ENGINEERING NEWS

New Center to Accelerate Biological Design for Sustainable Fuel and Bioproduct Production

Northwestern-led center receives $12 million grant from US Department of Energy

Schematic showing the process of making biofuels and bioproducts from bacteria.

Northwestern Engineering will lead a new center dedicated to accelerating the production of sustainable, low-cost bio-fuels and chemicals. Called the Clostridia Foundry for Biosystems Design, the multi-institutional center has received a five-year, $12 million grant from the US Department of Energy.

The center’s researchers — from Northwestern, Oak Ridge National Laboratory, and clean-energy startup LanzaTech — will focus on clostridia, a bacterium that metabolizes carbon to produce fuel.

Michael Jewett“Clostridia can fix carbon from carbon dioxide and carbon monoxide and use it to grow and make something useful,” said Michael Jewett, the center’s principal investigator. “Essentially, it can turn waste into product.”

Jewett is the Charles Deering McCormick Professor of Teaching Excellence and an associate professor of chemical and biological engineering in Northwestern’s McCormick School of Engineering. He also co-directs Northwestern’s Center for Synthetic Biology.

A waste-gas-to-fuel startup, LanzaTech houses a collection of clostridia strains. Michael Koepke, who leads LanzaTech’s synthetic biology team, is a leading expert in genomically manipulating clostridia. He and Jewett have been collaborating for the past two years to engineer clostridia to produce sustainable fuels, but engineering microorganisms to perform new tasks is not without its challenges.

“Microorganisms haven’t evolved to produce the sustainable chemicals that we want,” Jewett explained. “We end up fighting a tug of war between what the cell wants to do and what us engineers want it to do. It can take up to three months to test only a few designs for improving production, and that’s too slow.”

Jewett bypasses this problem by removing the cell from the equation. An expert in cell-free systems, he and his team isolate and activate basic cellular processes outside of the live, intact microorganism. This accelerates testing from a handful of designs in three months to thousands of designs in three days.

“If you have 1,000 shots on goal rather than just a few, then you have a much better chance at finding something that works,” Jewett said. “That’s pretty transformative.”

“This program will dramatically reduce the time required to develop new biosynthetic pathways in clostridia,” said Koepke, the director of synthetic biology at LanzaTech. “The effect will be to increase the flexibility of the LanzaTech process to adapt to new markets, expand the range of fossil-derived products that can be displaced with bio-derived alternatives, and enhance the economic benefits for co-produced fuels.”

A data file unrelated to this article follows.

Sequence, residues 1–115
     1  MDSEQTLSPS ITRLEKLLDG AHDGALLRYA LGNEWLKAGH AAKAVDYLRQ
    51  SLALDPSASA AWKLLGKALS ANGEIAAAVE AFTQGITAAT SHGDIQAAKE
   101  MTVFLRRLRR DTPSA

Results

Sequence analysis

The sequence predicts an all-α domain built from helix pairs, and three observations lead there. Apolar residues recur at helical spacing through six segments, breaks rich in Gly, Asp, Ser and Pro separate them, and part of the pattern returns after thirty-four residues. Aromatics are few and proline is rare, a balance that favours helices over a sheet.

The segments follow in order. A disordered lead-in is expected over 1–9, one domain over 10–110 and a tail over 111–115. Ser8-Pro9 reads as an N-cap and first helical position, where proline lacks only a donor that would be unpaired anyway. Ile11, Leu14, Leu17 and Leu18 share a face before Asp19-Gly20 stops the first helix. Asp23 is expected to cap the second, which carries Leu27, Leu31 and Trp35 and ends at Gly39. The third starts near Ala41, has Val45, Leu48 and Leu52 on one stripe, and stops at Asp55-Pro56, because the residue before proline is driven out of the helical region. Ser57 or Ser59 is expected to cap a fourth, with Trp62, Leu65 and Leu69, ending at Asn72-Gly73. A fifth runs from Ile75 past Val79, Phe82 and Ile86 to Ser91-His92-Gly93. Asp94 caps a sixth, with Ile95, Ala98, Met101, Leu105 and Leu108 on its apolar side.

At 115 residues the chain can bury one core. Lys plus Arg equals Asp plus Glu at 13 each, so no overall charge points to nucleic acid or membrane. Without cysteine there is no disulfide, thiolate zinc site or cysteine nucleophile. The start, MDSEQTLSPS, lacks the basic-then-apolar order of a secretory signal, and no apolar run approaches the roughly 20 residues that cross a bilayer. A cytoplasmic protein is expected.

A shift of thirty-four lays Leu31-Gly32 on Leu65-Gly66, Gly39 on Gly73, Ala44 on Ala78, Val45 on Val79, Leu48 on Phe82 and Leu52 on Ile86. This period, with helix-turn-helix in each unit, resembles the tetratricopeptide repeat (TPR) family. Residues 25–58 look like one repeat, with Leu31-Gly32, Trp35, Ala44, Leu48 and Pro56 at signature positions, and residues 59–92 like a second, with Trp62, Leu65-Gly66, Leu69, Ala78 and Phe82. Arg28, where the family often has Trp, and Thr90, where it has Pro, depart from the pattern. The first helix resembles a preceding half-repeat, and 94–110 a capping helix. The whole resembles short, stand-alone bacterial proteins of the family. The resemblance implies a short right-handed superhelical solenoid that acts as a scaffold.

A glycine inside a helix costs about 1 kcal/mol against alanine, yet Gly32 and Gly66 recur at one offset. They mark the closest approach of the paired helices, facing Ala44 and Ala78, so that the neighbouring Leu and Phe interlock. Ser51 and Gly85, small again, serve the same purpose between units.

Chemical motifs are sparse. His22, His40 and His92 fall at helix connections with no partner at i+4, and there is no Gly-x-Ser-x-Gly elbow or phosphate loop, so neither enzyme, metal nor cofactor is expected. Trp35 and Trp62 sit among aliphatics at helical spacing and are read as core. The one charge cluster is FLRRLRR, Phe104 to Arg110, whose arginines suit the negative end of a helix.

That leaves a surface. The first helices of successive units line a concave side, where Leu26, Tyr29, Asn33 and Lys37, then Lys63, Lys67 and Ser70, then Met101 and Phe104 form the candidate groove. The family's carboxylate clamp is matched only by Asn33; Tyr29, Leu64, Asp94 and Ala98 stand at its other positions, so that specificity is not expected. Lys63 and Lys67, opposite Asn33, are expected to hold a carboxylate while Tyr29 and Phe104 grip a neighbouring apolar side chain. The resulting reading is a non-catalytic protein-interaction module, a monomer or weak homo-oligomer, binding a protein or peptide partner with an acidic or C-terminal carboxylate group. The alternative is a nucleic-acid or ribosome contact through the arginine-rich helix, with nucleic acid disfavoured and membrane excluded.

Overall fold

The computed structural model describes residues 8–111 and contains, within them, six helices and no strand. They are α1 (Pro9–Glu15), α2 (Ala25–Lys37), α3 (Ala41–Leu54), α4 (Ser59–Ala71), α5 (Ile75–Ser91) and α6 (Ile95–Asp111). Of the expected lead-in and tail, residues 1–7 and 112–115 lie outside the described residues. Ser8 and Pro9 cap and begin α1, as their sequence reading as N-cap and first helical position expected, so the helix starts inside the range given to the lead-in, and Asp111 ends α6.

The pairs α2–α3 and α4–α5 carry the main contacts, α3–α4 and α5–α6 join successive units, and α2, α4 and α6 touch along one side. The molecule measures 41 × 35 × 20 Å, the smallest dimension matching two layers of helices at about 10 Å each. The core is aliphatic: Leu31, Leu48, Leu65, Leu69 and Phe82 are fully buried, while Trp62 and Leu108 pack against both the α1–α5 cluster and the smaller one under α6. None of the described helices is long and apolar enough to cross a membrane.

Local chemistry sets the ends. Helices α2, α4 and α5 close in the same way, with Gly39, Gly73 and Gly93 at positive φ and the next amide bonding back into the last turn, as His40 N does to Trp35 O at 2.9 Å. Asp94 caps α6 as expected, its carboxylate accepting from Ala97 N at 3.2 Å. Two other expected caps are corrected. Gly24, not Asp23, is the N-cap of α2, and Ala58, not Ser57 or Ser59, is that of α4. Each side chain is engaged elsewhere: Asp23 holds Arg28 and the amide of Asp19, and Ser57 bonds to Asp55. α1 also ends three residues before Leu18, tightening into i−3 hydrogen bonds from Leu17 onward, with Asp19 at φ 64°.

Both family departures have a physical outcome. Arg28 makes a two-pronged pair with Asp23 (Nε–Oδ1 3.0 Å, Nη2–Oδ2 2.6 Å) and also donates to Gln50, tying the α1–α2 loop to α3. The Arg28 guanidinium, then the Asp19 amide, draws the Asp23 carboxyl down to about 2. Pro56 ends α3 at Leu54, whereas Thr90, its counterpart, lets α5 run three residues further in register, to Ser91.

Oak Ridge National Laboratory will lend its analytical tools and expertise to determine which of those 1,000 designs work the best at making bio-fuels and biochemicals. The resulting refined number can then be tested experimentally in Jewett’s laboratory and at LanzaTech.

Northwestern Engineering’s Linda Broadbelt, the Sarah Roland Professor of Chemical and Biological Engineering and associate dean for research, and Keith Tyo, associate professor of chemical and biological engineering, will complement Jewett’s experimental design techniques with computational approaches. Broadbelt and Tyo are co-principal investigators on the grant.

The center’s work will unfold in three phases. First, the team will identify the enzymes and computationally predict biosynthetic pathways within clostridia that are necessary to produce biofuels. Second, members of Jewett’s laboratory will work with LanzaTech to develop a technology platform for accelerating testing and pinpoint which iterations produce the highest yields. Finally, the team will demonstrate a Biosystems design approach to engineer clostridia for improved production of next-generation biofuels and bioproducts.

“There is a broad interest in using microorganisms to make fuels, so that we don’t have to source them from petroleum, which we know is a limited resource,” Jewett said. “What’s especially cool is that we can use biology to make sustainable products while removing carbon from the atmosphere at the same time. It’s a really green solution with the potential to become a major driver of global innovation and sustainable economic growth.”